How to become a Balloon Entertainer
“By that, I mean, get a gig at a library or a walk-a-round entertainer. What do you do/say to get started?” signed Silver Sister.
Many entertainers start by working with other established entertainers, somebody who is willing to take you under their wing to get you started. My first entertaining gig came about from hanging around the local juggling club. A friend of mine was opening up a trick shop and I would hang out at the shop and helped with his clown class. As time went on and more people knew of what I was doing, people started recommending me. I had some business cards made and would distribute them to people I met. The first job was for a baseball picture day and I was mobbed with 50 kids. My back was against the home plate fence and I was blowing up balloons and twisting balloon animals as fast as I could twist. It was a nightmare job, but it was my first.
I would suggest for any beginner, is to find other entertainers, magicians, jugglers, clowns, balloonists or character artists. Entertainers are friendly people and even though you may not be in the same market, your association with them can only help establish you as an entertainer.
Business cards are necessary and are inexpensive. Have 500 produced to get you started. Nothing fancy, after all these are your first cards and trust me you will have many more made over your entertainment career. When you meet other entertainers, swap cards. Entertainers pass on work to each other and are always looking for somebody new or available. Usually it’s the latter.
After joining other entertainment clubs and having made some friends, ask if they know of any agents they can recommend you too. A Rookie mistake is meeting professional entertainers and expecting them give all their knowledge. After all, on some level, you are a competitor to them and their years of success and errors in marketing are not freely give away. It may take years before you are considered one of the good old boys or gals and information is freely shared. Therefore, Rookies, watch, listen and learn and with time, knowledge, and experience you will learn what works for you.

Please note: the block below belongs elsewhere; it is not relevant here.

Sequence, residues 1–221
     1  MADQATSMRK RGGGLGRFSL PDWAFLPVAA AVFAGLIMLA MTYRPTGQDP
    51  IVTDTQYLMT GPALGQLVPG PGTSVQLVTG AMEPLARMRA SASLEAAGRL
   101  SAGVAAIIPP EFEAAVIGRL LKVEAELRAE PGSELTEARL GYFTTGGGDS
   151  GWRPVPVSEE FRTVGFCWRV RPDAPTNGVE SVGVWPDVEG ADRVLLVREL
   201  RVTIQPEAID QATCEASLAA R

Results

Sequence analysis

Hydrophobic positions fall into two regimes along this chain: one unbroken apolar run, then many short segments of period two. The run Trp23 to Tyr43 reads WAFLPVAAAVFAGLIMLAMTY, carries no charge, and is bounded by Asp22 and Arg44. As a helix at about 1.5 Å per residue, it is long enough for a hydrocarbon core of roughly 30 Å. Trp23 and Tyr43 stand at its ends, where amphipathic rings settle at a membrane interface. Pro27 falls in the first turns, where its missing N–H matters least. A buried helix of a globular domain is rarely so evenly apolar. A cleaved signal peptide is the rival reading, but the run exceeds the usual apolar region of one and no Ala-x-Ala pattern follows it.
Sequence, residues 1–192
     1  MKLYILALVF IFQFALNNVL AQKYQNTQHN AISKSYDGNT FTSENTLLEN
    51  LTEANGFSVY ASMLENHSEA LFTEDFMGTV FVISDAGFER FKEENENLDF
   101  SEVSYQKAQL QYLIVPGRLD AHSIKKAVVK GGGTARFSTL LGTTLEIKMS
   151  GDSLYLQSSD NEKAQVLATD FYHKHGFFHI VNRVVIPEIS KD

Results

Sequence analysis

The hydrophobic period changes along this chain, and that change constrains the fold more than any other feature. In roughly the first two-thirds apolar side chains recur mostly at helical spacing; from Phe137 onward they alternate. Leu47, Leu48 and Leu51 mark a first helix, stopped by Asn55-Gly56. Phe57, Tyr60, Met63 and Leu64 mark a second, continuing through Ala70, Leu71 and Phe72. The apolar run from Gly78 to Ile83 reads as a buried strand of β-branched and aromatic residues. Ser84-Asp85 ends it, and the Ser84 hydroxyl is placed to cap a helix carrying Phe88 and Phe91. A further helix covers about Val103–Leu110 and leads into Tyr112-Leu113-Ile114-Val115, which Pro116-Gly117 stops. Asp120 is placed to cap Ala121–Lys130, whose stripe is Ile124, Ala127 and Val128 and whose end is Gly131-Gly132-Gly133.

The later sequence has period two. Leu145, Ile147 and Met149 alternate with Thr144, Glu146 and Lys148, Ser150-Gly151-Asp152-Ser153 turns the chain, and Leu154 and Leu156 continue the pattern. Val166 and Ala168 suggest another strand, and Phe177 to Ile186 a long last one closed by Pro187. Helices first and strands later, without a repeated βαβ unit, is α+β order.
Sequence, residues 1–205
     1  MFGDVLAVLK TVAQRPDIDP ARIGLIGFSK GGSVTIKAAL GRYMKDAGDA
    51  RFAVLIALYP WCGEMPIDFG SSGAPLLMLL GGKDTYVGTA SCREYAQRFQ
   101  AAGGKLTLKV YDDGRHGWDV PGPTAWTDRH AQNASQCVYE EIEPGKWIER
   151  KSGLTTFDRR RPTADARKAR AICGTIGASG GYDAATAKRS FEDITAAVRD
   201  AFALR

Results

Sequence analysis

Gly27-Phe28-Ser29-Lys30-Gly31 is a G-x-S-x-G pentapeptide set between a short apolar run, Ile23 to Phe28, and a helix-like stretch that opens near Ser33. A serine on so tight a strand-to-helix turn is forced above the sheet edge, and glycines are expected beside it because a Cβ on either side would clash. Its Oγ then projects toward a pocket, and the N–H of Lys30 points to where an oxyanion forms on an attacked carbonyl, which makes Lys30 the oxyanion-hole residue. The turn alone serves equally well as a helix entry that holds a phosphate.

Once you established your entertainment style and feel confident in your performance you then start to market yourself to different venues. Many newbie’s want to do everything the seasonal professional is doing, but do not have enough experience or marketing material to complete against a seasoned professional and have little to no success. After all this is a business and prices and markets are not plucked out of the sky, shows are not tossed together, and corporations do not pay big dollars just because you have a pretty business card. The best entertainers have been doing this for years and they make it look easy. With every advancement, moves you up the entertainment ladder, more promotional material to develop, bigger props, expensive equipment and a staff just to keep things going gets you the job you are desperately seeking. There is no jumping to the head of the learning curve.
Keep an open mind when it comes to reading, there are many good books on marketing and personal organization. Your starting a business and all business take time and commitment. With every person you meet is a potential job. It just takes that first gig to get you started. After that it is just persistence and willingness to keep learning and working, it eventually it will pay off.